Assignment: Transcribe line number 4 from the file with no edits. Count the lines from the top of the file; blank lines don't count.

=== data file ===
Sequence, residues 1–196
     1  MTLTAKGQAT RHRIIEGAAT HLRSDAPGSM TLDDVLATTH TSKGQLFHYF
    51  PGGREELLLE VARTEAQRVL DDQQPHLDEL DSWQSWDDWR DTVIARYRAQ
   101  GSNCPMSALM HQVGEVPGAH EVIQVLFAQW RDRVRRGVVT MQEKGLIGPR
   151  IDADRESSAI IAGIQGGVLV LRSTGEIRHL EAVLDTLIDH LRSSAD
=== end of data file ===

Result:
   101  GSNCPMSALM HQVGEVPGAH EVIQVLFAQW RDRVRRGVVT MQEKGLIGPR